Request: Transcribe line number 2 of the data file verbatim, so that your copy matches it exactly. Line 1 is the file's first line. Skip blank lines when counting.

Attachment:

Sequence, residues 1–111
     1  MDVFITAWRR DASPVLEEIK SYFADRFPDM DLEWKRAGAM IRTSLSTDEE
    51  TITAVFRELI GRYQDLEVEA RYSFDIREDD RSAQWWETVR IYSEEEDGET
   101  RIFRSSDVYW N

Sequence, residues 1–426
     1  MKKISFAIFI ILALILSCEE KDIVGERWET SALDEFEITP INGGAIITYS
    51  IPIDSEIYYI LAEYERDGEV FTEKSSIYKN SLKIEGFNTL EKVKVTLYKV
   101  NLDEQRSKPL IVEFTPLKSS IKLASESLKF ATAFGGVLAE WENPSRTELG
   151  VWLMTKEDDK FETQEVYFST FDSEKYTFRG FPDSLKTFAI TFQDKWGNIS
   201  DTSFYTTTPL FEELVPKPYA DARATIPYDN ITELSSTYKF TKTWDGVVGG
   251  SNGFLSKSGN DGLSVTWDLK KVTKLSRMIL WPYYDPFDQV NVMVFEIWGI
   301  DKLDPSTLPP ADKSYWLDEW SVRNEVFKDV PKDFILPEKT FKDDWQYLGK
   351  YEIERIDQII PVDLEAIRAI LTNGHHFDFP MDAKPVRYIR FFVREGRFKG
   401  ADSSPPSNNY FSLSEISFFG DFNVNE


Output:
     1  MDVFITAWRR DASPVLEEIK SYFADRFPDM DLEWKRAGAM IRTSLSTDEE